Bil’s rating (out of 5): BBBB. USA, 1981. Universal Pictures, Martin Poll Productions, The Production Company, Herb Nanas Productions, Layton Productions. Story by David Shaber, Paul Sylbert, Screenplay by David Shaber. Cinematography by James A. Contner. Produced by Martin Poll. Music by Keith Emerson. Production Design by Peter S. Larkin. Costume Design by Robert De Mora, John Falabella. Film Editing by Stanford C. Allen, Christopher Holmes.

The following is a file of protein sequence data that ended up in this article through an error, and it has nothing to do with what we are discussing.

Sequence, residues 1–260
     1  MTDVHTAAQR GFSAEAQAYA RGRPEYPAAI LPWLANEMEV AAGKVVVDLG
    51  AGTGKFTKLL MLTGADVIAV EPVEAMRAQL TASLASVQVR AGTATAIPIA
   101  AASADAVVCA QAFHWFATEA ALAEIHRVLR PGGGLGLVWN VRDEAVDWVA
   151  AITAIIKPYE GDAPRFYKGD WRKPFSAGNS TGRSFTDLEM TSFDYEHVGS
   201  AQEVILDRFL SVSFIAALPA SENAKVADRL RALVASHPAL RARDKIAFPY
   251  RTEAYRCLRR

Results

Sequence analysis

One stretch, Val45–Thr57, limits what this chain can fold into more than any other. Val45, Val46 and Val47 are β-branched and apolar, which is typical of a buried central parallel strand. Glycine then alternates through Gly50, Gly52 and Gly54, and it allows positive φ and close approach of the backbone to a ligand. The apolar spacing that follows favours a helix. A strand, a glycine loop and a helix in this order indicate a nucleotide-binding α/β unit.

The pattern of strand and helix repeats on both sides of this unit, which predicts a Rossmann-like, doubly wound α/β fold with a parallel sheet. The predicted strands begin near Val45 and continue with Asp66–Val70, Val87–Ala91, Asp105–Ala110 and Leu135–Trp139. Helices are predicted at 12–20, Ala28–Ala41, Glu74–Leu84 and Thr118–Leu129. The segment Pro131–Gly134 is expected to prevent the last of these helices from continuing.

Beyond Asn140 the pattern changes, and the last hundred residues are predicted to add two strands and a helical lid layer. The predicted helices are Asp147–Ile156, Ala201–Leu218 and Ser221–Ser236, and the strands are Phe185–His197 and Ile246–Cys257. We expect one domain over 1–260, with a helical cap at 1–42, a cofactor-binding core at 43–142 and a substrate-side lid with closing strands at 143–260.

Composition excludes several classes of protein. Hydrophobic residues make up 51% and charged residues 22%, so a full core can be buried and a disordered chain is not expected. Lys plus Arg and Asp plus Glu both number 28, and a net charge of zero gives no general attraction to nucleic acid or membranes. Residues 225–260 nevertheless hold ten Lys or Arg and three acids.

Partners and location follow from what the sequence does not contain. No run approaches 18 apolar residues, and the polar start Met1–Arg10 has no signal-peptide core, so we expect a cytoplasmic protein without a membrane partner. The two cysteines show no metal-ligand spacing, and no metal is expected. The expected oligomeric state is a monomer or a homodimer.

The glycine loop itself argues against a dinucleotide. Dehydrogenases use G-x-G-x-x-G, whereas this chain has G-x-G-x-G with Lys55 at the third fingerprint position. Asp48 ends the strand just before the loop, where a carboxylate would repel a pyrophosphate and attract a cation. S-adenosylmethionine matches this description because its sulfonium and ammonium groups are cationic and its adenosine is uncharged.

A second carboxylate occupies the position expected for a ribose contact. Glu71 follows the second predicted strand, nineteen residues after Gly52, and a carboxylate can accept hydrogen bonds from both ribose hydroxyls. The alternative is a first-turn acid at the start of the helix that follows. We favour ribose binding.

Sylvester Stallone is excellent as an undercover cop who loves cleaning up the streets of New York in disguise (he has a penchant for dressing up as women that is quite humorous). He is resentful when he and his partner (Billy Dee Williams) are pulled in on a special project, helping take down an international terrorist (Rutger Hauer) who has appeared in the Big Apple and is threatening some bad business. Despite the fact that their new boss (Nigel Davenport) doesn’t think city cops are tough enough for the job, these guys do their best to catch a man who, thanks to his recent facial reconstructive surgery, can’t even be recognized from photographs. A few exciting sequences, including a chase through a nightclub and a hostage situation aboard a cable car, are the highlights of a solid police thriller that is marred only by its trying to have things both ways, diluting the gritty Serpico feeling it’s going for by indulging in the glamour of letting the great Sly be a mythical action hero. Lindsay Wagner is wasted in a supporting role as Stallone’s estranged wife in a sub-plot that feels like they forgot to completely edit it out, while Persis Khambatta has a few fun moments as Hauer’s associate.